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Construction along the West 10th Avenue portion of the Broadway corridor in Vancouver March 22, 2016, where an extension of the Skytrain expansion is planned. (Jeff Vinnick for The Globe and Mail)
Construction along the West 10th Avenue portion of the Broadway corridor in Vancouver March 22, 2016, where an extension of the Skytrain expansion is planned. (Jeff Vinnick for The Globe and Mail)

federal budget 2016

B.C. mayors welcome federal budget's boost in transit funding Add to ...

The mayors of British Columbia’s two largest cities say the federal budget will help to advance plans for a subway in Vancouver and light rail in Surrey through a new focus on infrastructure and transit spending.

The first budget of Prime Minister Justin Trudeau’s new government was embraced Tuesday by key B.C. municipal leaders, who were ticking off commitments they were looking for as they went through the document.

Justin Trudeau’s first federal budget by the numbers (The Globe and Mail)

Aside from specific projects, few of which were mentioned by name, the president of the Union of B.C. Municipalities said the real triumph for municipalities in Canada’s most westerly province is the budget’s plan to boost its share of funding infrastructure projects to 50 per cent from 33 per cent – the first such shift in about a decade.

“It’s a huge step forward in saying, ‘We’re here to give you a hand,” said Al Richmond, also chairman of the Cariboo Regional District.

In Surrey, Mayor Linda Hepner said the shift will help with her plans to build 27 kilometres of light rail in British Columbia’s second-largest city, with construction planned to begin in 2018. She described the funding shift as a “big deal” for municipalities.

“Large-scale projects like this, to make them a reality, need to move away from that one-third, one-third, one-third, as if we [the federal government, the provinces and the municipalities] were all equal funding partners when, in fact, we are not,” Ms. Hepner said in an interview.

In Victoria, TransLink Minister Peter Fassbender said the province remains committed to paying one-third of infrastructure costs, leaving the municipalities to come up with 17 per cent on their own.

The budget provides for $460-million in transit funding for British Columbia, specifically mentioning new light-rail transit lines in Greater Vancouver. While Surrey has been developing at-grade light rail, Vancouver has been planning a five-kilometre underground extension of its SkyTrain line along the city’s busy Broadway corridor. It wasn’t clear which rail project the budget was referring to.

Ms. Hepner also praised spending on affordable housing, a new RCMP forensic laboratory at the Mounties’ regional headquarters in Surrey, and the “surprise” outreach office for veterans in Surrey.

“It’s a budget that shows [Ottawa’s] very vocal acknowledgment that cities play an important role,” said Ms. Hepner, who touted “unprecedented” prebudget meetings with Mr. Trudeau and Finance Minister Bill Morneau, as well as a telephone discussion with Infrastructure Minister Amarjeet Sohi.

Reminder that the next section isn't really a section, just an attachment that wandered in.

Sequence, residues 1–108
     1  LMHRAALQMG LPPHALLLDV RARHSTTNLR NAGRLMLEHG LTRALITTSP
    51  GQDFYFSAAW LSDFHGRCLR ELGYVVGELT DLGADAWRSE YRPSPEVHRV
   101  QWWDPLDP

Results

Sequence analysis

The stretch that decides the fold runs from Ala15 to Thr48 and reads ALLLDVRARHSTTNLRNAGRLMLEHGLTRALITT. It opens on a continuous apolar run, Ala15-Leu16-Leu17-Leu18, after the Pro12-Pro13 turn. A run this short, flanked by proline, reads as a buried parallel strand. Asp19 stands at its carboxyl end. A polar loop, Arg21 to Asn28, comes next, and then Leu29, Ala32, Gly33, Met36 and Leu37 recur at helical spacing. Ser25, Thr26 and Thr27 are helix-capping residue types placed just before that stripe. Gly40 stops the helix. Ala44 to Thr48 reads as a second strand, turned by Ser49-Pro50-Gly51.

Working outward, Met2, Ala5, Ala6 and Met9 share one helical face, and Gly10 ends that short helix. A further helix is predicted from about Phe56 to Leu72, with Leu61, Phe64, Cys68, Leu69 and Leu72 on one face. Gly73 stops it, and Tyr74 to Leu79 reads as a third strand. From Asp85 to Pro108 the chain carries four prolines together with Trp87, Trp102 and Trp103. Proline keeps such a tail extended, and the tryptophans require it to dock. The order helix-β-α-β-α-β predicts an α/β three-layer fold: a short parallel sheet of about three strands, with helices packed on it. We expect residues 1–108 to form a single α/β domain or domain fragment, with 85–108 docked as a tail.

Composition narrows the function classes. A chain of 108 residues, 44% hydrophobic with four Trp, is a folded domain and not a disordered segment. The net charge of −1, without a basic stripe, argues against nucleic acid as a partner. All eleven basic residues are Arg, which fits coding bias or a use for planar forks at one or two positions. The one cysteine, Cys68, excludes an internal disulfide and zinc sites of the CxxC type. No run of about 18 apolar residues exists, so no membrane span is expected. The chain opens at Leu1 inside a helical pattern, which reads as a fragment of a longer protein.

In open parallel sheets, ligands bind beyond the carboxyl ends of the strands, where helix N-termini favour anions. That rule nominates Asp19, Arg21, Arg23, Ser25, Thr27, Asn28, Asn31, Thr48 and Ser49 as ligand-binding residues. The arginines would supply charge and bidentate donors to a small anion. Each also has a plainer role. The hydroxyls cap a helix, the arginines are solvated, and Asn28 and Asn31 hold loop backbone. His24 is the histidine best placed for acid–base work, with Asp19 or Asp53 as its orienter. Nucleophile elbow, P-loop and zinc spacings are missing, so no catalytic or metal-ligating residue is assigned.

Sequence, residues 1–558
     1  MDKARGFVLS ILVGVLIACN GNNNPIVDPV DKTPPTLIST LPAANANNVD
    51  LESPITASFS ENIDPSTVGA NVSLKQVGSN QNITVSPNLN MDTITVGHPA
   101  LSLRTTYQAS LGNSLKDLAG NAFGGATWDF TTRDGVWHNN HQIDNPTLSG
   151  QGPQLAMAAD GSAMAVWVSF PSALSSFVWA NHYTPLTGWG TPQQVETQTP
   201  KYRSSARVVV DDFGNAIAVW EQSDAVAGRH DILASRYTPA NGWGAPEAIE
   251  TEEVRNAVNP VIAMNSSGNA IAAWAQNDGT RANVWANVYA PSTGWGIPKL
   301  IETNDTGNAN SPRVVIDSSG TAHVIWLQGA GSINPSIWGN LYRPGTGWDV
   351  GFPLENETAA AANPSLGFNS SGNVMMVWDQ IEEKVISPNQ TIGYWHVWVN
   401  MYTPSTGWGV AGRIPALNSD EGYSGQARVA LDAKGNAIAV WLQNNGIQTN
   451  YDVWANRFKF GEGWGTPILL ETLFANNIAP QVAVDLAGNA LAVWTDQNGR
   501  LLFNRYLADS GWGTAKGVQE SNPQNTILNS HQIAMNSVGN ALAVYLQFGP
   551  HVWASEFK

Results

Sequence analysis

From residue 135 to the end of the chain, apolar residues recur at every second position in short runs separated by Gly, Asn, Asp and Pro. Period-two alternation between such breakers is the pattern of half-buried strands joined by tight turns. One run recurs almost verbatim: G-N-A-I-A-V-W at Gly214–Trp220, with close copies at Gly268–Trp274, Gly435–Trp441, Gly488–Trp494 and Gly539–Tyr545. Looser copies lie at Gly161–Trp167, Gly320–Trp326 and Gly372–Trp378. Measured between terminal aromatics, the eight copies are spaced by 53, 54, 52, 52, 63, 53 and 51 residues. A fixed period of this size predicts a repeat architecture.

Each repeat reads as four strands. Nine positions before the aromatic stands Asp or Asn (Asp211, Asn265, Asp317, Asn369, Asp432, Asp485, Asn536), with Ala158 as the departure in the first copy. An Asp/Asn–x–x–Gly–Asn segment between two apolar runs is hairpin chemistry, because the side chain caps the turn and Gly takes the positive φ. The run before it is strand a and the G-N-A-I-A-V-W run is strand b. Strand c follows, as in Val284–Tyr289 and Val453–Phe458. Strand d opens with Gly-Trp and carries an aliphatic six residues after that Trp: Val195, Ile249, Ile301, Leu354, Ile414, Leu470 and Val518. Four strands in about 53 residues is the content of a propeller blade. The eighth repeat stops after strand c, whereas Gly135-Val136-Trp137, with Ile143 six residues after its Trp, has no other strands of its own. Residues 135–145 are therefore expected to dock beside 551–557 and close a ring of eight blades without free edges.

Vancouver Mayor Gregor Robertson had nothing but praise for the budget, although it didn’t deliver his entire wish list.

“It’s a down payment in good faith,” he said in an interview. “It was a solid first step from a government dealing with a massive backlog of underspending.”

Mr. Robertson said that the money being promised can also be used in a wide variety of ways.

“My understanding is that we have full flexibility with that funding. We’re able to apply it to a combination of repairs and maintenance and bus and SkyTrain, as well as funding new projects.”

The city could also use some of that money to accelerate the Broadway line’s planning and design, a component of transit projects that the federal government did not cover in the past.

The budget had fewer specifics when it came to the city’s other big concern: housing. It does spell out that $2.3-billion will be spent over the next two years, with $500-million going into affordable housing – double the previous level.

But that doesn’t appear to provide any specific commitment or anywhere near the $500-million that Mr. Robertson had sought for Vancouver alone, as he promised 20 city sites that could be used for thousands of new units of subsidized housing.

He also noted there were “no specifics on the cultural side,” but said he understood it was hard for federal officials to figure out in only four months how to deal with the overwhelming number of demands from that sector.

On Vancouver Island, Victoria Mayor Lisa Helps said key parts of her agenda “seem to have found a home in this budget,” particularly affordable housing and a brief mention of port infrastructure she said she hoped might advance upgrades to the international Belleville ferry terminal in Victoria.

She also said there could be room in the budget for a new sewage treatment project.

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